This review is prepared as part of the FAO Project “Environmental Impact Assessment (EIA) and monitoring in aquaculture”. The review provides a compilation, review and synthesis of existing EIA and environmental monitoring procedures and practices in aquaculture in the Asia-Pacific region, the largest aquaculture-producing region in the world. This review, as in other regions, gives special consideration to four areas related to EIA and monitoring in aquaculture including: (1) the requirements (2) the practice (3) the effectiveness and (4) suggestions for improvements.
Ways of evaluating the effects of environmental degradation from coral mining to reef fish communties in Maldives are presented.
Blast fishing has been a widespread and accepted fishing technique in Indonesia for over 50 years. The largest coral reef fishery in Indonesia is around the Spermonde archipelago in southwest Sulawesi. With the expanding population and the increasing demand for fish for export, fishing has intensified and fish catches per unit effort are stable or declining. The use of bombs made with a mixture of kerosene and fertilizer is widely prevalent. In the market of the city of Ujung Pendang, an estimated 10-40% of the fish from capture fisheries are caught through blast fishing.
Fishing methods, catches, fish species diversity, water quality and diets were examined in the middle Nyong River basin of south-central Cameroon over five years. Out of 79 indigenous species from the upper and middle Nyong in museum collections, 17 indigenous species added in this study (total = 100) and two feral alien species, only 38 are regularly captured by commercial fishers, and only 18 of these are sufficiently abundant and large enough to be of importance as food fish. Two of the most important are the alien Oreochromis niloticus and Heterotis niloticus.
Volatile fuel prices are a threat to the viability of UK fishing communities. The economic and social impacts of rising fuel costs for fishers and communities in southwest England are examined. Fuel prices doubled between early 2007 and mid-2008, whereas fish prices remained relatively stable throughout as a result of the price-setting power of seafood buyers. It was the fishers who absorbed the increased costs, resulting in significant loss of income, reduced job security, and problems in recruiting crew.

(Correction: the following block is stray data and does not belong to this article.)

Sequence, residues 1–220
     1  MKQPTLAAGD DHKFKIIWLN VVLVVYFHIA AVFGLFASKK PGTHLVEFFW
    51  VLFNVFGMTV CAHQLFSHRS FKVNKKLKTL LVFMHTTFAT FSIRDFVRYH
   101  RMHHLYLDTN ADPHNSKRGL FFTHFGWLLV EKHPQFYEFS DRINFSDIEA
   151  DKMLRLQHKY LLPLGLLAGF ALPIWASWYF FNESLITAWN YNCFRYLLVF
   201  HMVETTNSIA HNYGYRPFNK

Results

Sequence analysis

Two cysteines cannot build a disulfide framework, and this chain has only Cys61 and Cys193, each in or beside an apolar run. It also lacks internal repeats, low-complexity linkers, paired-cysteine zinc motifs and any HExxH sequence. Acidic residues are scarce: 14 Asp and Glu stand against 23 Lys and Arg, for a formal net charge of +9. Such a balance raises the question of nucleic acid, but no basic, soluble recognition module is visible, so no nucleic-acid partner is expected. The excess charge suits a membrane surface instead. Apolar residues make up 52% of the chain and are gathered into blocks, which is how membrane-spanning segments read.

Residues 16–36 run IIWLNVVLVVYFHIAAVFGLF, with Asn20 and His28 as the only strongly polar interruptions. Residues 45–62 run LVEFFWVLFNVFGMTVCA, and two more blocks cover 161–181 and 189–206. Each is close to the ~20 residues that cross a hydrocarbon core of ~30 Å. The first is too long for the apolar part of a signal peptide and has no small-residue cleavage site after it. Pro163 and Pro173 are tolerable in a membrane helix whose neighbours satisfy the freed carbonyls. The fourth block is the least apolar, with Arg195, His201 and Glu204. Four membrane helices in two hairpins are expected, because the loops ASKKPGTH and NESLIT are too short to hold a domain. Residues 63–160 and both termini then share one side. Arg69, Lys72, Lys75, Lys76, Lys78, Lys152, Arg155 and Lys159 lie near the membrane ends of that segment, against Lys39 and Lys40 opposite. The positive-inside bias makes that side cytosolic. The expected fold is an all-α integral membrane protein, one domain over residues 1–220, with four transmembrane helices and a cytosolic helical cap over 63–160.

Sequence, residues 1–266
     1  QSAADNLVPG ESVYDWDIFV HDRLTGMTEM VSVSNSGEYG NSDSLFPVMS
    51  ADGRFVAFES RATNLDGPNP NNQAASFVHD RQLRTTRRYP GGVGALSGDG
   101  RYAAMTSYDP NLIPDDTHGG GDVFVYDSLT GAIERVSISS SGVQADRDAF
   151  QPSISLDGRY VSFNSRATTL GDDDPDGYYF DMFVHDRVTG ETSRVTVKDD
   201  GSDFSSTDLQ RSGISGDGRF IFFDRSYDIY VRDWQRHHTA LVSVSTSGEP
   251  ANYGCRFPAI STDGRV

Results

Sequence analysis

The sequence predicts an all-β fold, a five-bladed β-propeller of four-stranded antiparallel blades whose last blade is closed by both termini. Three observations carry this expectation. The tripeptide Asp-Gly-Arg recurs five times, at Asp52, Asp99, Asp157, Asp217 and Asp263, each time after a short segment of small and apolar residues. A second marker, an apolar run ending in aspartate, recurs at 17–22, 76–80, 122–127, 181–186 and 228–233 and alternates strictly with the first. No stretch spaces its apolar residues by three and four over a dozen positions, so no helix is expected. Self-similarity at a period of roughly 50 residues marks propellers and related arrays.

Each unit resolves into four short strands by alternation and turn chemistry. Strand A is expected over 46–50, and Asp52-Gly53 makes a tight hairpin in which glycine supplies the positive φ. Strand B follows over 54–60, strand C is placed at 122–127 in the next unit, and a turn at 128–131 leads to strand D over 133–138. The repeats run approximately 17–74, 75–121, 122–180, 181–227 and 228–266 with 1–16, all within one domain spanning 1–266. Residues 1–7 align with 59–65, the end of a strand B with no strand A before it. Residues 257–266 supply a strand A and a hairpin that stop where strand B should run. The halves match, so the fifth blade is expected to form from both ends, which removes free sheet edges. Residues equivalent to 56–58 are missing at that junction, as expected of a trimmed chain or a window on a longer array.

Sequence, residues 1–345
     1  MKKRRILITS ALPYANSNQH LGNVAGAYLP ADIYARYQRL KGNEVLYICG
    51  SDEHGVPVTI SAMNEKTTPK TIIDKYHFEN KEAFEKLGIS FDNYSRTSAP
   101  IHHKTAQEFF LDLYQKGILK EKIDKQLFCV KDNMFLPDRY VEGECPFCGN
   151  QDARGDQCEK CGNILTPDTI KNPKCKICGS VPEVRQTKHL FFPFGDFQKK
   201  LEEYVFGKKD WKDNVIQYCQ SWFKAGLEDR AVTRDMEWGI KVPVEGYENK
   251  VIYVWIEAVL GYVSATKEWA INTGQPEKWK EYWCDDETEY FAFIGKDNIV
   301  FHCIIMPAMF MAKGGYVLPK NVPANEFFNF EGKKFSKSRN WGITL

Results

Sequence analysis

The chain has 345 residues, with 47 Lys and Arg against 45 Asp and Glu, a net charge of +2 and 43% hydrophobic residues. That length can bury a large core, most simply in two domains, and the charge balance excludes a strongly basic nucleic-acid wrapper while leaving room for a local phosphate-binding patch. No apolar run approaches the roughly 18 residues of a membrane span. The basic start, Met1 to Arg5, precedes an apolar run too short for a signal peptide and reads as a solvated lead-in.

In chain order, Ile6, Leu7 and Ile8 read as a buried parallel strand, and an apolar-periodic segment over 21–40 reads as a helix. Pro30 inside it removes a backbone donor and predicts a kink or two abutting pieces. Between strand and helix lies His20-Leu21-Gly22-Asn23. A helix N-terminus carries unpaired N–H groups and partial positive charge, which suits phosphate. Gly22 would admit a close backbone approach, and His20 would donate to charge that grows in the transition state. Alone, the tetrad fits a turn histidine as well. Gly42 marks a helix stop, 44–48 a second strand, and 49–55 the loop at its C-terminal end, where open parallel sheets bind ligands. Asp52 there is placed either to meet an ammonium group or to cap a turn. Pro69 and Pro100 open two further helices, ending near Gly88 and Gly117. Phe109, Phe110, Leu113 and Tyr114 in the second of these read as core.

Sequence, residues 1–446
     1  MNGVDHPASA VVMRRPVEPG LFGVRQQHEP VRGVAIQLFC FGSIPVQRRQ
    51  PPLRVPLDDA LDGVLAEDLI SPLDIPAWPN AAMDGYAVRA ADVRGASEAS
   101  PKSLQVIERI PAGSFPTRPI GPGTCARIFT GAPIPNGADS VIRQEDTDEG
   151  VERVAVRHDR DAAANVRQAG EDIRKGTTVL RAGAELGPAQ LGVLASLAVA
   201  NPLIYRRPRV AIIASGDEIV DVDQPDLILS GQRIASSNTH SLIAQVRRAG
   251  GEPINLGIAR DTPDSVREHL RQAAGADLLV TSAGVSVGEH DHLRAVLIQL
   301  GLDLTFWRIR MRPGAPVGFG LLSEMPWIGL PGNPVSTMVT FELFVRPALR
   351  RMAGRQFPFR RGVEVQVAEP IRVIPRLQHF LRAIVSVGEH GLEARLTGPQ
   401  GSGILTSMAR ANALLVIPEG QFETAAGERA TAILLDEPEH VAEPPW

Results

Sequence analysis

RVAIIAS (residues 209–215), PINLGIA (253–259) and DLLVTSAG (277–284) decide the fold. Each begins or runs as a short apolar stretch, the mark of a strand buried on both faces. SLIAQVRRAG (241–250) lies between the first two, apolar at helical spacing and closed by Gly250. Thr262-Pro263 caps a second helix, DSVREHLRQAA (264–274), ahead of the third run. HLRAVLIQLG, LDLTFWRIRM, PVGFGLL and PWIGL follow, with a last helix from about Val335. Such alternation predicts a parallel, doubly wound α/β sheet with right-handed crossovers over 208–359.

This research note is provided as a supplement to the technical report, “Influence of Built Structures on Livelihoods: Case Studies of Road Development, Irrigation, and Fishing Lots," as part of the livelihoods component of the “Study of the Influence of Built Structures on the Fisheries of the Tonle Sap".
The report begins with an overview of the current status of world aquaculture. It then goes on to describe an approach for estimating the current combined biophysical resource demands of aquaculture for producer countries and regions. Following a comparison of these results with those available for other animal food production sectors the report then examines the consequences of likely future trends in production on the environmental impacts of aquaculture.
Commercial aquaculture in Oceania is currently restricted to the red alga Eucheuma sp., the blacklip pearl oyster, Pinctada margaritifera and penaeid shrimp, principally Penaeus monodon. There have been numerous attempts to cultivate exotic species of bivalves, crustaceans and fish, many of which have been unsuccessful in terms of aquaculture but which have resulted in wild stocks of the exotic species becoming established.
Aquaculture (18%) and aquarium (77%) species comprise most of the species which are brought into the Philippines, and although meant to be confined to culture and aquarium facilities, some have escaped to natural waters, established themselves and have become invasive - with adverse impacts to indigenous species and/or the ecosystems. Of the 159 fish species introduced to the Philippines, only 39 have been reported as established in the wild, four have not established and the remaining 116 have unknown status of establishment.
Effects of fishing with explosives (blastfishing) and sodium cyanide and of anchor damage on live coral were investigated on a heavily exploited fringing reef in Boli-nao, Philippines from 1987 to 1990. A simple balance-sheet model indicated that approximately 1.4%/yr of the hermatypic coral cover may have been lost to blasting, 0.4%/yr to cyanide, and 0.03%/yr to coral-grabbing anchors, the potential coral recovery rate reduced by about one third from 3.8%/yr in the absence of disturbances to 2.4%/yr.